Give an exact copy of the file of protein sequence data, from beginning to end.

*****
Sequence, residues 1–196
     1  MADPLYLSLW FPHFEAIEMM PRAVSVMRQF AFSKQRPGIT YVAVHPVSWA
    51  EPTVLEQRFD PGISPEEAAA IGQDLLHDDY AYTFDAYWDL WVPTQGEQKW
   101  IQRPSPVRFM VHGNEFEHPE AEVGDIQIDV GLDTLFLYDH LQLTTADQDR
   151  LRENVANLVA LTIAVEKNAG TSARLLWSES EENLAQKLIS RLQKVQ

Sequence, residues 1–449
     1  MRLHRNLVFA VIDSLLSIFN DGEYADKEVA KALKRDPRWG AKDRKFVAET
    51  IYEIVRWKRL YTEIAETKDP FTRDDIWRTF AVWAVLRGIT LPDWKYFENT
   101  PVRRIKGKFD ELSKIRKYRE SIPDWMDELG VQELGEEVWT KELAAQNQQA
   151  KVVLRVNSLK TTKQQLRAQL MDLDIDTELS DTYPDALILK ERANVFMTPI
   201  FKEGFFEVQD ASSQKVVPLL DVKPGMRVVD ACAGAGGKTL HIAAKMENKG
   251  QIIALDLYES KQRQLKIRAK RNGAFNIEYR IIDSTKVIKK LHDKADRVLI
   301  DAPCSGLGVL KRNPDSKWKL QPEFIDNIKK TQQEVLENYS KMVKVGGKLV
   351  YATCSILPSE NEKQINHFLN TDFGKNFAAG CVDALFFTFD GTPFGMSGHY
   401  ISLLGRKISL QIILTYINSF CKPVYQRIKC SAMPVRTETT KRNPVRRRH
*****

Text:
Sequence, residues 1–196
     1  MADPLYLSLW FPHFEAIEMM PRAVSVMRQF AFSKQRPGIT YVAVHPVSWA
    51  EPTVLEQRFD PGISPEEAAA IGQDLLHDDY AYTFDAYWDL WVPTQGEQKW
   101  IQRPSPVRFM VHGNEFEHPE AEVGDIQIDV GLDTLFLYDH LQLTTADQDR
   151  LRENVANLVA LTIAVEKNAG TSARLLWSES EENLAQKLIS RLQKVQ

Sequence, residues 1–449
     1  MRLHRNLVFA VIDSLLSIFN DGEYADKEVA KALKRDPRWG AKDRKFVAET
    51  IYEIVRWKRL YTEIAETKDP FTRDDIWRTF AVWAVLRGIT LPDWKYFENT
   101  PVRRIKGKFD ELSKIRKYRE SIPDWMDELG VQELGEEVWT KELAAQNQQA
   151  KVVLRVNSLK TTKQQLRAQL MDLDIDTELS DTYPDALILK ERANVFMTPI
   201  FKEGFFEVQD ASSQKVVPLL DVKPGMRVVD ACAGAGGKTL HIAAKMENKG
   251  QIIALDLYES KQRQLKIRAK RNGAFNIEYR IIDSTKVIKK LHDKADRVLI
   301  DAPCSGLGVL KRNPDSKWKL QPEFIDNIKK TQQEVLENYS KMVKVGGKLV
   351  YATCSILPSE NEKQINHFLN TDFGKNFAAG CVDALFFTFD GTPFGMSGHY
   401  ISLLGRKISL QIILTYINSF CKPVYQRIKC SAMPVRTETT KRNPVRRRH